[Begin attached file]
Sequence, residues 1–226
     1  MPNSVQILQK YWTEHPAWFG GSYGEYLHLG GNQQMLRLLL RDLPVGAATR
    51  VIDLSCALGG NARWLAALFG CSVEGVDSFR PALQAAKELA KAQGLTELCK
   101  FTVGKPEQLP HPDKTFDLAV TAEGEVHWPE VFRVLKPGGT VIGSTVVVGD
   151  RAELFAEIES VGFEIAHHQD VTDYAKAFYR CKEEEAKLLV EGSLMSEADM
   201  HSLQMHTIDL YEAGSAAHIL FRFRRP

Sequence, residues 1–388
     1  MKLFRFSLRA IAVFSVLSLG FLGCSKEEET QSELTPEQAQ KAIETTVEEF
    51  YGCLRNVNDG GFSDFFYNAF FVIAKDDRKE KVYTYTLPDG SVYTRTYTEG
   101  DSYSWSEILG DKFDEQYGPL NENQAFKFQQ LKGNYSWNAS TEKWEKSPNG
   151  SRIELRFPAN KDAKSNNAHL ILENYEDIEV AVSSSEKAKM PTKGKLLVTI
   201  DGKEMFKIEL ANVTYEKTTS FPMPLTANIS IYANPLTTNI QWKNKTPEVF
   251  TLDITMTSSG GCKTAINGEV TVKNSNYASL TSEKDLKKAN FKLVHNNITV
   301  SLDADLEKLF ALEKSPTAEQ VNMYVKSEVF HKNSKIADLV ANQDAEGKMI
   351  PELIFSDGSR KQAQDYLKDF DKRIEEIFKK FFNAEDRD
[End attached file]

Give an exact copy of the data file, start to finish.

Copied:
Sequence, residues 1–226
     1  MPNSVQILQK YWTEHPAWFG GSYGEYLHLG GNQQMLRLLL RDLPVGAATR
    51  VIDLSCALGG NARWLAALFG CSVEGVDSFR PALQAAKELA KAQGLTELCK
   101  FTVGKPEQLP HPDKTFDLAV TAEGEVHWPE VFRVLKPGGT VIGSTVVVGD
   151  RAELFAEIES VGFEIAHHQD VTDYAKAFYR CKEEEAKLLV EGSLMSEADM
   201  HSLQMHTIDL YEAGSAAHIL FRFRRP

Sequence, residues 1–388
     1  MKLFRFSLRA IAVFSVLSLG FLGCSKEEET QSELTPEQAQ KAIETTVEEF
    51  YGCLRNVNDG GFSDFFYNAF FVIAKDDRKE KVYTYTLPDG SVYTRTYTEG
   101  DSYSWSEILG DKFDEQYGPL NENQAFKFQQ LKGNYSWNAS TEKWEKSPNG
   151  SRIELRFPAN KDAKSNNAHL ILENYEDIEV AVSSSEKAKM PTKGKLLVTI
   201  DGKEMFKIEL ANVTYEKTTS FPMPLTANIS IYANPLTTNI QWKNKTPEVF
   251  TLDITMTSSG GCKTAINGEV TVKNSNYASL TSEKDLKKAN FKLVHNNITV
   301  SLDADLEKLF ALEKSPTAEQ VNMYVKSEVF HKNSKIADLV ANQDAEGKMI
   351  PELIFSDGSR KQAQDYLKDF DKRIEEIFKK FFNAEDRD